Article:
Our Chicago business litigation firm recently handled a case in which one 50% shareholder allegedly tried to freeze out the other using lawyers hired by the companies owned equally by both. When our clients filed a shareholder freeze-out and breach of fiduciary duty claim and began discovery, the defendants balked, citing the attorney-client privilege to explain why they should not be required to turn over important and incriminating information.
As experienced business litigators know, this is no defense at all. Because our clients were equal shareholders in the business, we argued they were entitled to access to certain attorney communications. Furthermore, there is well-established law showing that the attorney-client privilege cannot be misused to deny discovery when the company or its officer is accused of breaching its fiduciary duty to stockholders. In other words, fiduciary duty trumps the privilege. Caselaw says a corporation may not use the privilege to shield relevant communications from discovery in an action by its own stockholders, unless there is good cause. The multipart test for good cause developed by the courts takes into account the nature of the communication, the seriousness of the allegations and other factors. Garner v. Wolfinbarger, 430 F2d 1093 (5th Cir. 1970).
The attorney-client privilege also cannot be raised when the disputed communications were made after the date the attorney and client began a fraudulent or criminal scheme that was part of the lawsuit. That is, communications about crime, fraud or torts are excepted from the attorney-client privilege. Cleveland Hair Clinic, Inc. v. Puig, 968 FSupp 1227, 1241 (ND Ill 1996). Unfortunately, we believed this to be the situation in our case.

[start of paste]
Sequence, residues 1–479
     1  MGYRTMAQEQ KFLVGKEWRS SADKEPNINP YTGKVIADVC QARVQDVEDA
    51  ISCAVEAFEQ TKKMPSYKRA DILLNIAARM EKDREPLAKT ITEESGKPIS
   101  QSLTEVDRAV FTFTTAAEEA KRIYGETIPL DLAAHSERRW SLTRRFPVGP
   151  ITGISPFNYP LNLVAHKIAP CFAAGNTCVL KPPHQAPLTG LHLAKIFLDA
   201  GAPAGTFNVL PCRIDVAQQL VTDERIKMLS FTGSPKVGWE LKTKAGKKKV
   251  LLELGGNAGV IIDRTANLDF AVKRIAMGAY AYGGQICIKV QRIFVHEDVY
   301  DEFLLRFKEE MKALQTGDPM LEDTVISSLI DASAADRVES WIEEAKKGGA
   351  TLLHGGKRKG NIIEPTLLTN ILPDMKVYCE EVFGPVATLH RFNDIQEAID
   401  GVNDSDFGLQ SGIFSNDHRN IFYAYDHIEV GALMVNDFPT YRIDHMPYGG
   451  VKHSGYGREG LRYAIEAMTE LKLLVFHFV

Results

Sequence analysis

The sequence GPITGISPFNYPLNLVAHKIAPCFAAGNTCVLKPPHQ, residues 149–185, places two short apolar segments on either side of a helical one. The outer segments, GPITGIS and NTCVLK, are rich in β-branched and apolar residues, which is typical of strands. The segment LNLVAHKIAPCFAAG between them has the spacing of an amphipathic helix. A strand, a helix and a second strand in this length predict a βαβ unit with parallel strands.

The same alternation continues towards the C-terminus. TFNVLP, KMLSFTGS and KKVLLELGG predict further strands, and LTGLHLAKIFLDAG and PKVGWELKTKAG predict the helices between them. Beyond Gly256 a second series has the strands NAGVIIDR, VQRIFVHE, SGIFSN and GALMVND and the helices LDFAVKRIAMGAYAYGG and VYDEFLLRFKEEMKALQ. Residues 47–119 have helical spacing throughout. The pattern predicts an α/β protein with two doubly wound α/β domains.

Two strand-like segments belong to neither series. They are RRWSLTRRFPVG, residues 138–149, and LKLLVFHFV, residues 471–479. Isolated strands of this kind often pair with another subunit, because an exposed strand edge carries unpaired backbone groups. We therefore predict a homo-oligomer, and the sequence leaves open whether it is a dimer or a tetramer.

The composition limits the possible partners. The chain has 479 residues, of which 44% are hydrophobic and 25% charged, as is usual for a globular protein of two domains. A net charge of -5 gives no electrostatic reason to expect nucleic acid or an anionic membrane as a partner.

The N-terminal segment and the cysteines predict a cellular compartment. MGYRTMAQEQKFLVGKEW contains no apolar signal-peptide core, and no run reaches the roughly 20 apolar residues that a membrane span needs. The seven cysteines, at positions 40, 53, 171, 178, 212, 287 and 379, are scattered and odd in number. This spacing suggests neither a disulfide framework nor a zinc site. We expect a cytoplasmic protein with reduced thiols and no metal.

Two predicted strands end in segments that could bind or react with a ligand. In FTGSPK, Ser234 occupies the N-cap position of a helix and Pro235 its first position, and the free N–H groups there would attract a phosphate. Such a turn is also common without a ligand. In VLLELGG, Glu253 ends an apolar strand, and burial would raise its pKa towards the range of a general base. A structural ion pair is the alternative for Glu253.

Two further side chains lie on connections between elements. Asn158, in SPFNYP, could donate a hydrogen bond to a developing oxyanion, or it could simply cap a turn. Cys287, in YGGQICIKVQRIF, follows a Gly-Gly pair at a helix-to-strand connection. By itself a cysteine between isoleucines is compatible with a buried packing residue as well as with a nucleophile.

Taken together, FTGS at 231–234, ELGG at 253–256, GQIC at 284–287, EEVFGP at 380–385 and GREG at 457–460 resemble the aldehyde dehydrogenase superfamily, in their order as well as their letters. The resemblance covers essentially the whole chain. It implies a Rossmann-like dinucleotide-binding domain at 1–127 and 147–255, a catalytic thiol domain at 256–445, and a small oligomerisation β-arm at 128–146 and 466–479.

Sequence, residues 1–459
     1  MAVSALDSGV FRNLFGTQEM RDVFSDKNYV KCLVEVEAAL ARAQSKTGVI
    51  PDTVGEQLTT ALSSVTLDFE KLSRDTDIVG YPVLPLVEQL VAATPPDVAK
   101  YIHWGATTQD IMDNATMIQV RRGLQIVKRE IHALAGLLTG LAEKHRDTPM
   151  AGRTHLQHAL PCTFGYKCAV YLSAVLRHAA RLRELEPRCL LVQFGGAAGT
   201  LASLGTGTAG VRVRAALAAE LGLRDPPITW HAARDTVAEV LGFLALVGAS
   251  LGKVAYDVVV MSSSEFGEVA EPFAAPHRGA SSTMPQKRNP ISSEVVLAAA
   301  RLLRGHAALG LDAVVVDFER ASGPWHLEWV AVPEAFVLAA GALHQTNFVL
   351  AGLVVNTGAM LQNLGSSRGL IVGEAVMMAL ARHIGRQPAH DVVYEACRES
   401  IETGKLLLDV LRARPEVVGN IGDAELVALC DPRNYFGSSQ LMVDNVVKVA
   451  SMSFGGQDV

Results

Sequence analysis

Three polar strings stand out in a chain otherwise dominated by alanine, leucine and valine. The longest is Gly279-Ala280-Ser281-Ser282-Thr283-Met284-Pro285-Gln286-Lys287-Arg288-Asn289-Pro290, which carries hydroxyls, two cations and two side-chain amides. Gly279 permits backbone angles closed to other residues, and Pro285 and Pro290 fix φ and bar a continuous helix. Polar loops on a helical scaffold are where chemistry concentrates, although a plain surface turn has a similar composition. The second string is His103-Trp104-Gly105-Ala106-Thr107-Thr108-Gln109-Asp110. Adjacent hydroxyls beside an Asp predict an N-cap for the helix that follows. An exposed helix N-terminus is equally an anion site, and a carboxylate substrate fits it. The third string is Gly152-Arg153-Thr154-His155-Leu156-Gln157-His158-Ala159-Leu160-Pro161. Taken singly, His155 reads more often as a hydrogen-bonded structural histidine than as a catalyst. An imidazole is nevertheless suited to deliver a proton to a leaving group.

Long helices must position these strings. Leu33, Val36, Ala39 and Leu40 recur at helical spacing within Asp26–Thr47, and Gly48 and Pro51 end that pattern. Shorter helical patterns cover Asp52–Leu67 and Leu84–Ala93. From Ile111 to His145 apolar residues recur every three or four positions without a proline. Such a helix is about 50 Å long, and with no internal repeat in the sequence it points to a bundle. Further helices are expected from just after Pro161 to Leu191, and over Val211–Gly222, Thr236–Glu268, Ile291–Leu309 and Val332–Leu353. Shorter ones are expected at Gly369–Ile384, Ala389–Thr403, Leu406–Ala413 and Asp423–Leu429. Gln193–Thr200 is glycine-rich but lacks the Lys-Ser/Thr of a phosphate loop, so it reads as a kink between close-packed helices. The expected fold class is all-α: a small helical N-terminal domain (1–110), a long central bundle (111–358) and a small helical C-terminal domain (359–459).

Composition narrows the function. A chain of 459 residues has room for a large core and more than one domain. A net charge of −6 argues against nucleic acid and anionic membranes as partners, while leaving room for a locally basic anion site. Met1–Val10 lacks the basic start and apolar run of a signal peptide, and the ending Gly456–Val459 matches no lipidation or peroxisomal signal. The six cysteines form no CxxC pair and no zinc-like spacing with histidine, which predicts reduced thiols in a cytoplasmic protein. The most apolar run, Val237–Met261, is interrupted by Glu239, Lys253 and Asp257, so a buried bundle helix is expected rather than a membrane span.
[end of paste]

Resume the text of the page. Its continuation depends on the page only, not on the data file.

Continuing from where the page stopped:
Other exceptions to the privilege include:
• Communications to multiple clients who hired the same attorney, but who later have a legal dispute on the same matter
• Cases of legal malpractice
• Certain cases where a lawyer acts as a witness
• Cases where multiple parties make claims through the same deceased client
Of course, “piercing the veil” of corporate attorney-client privilege is not always easy; those attempting it will likely have to fight for their discovery rights. But in a freeze-out case, in which one shareholder or group of shareholders is unfairly trying to control another, this fight is essential to proving the case. DiTommaso Lubin Austermuehle handles shareholder freeze-outs and squeeze-out lawsuits for both plaintiffs and defendants in Chicago, Naperville, Wheaton, Oak Brook and throughout Illinois. If you would like to discuss how we can help you, please contact us today.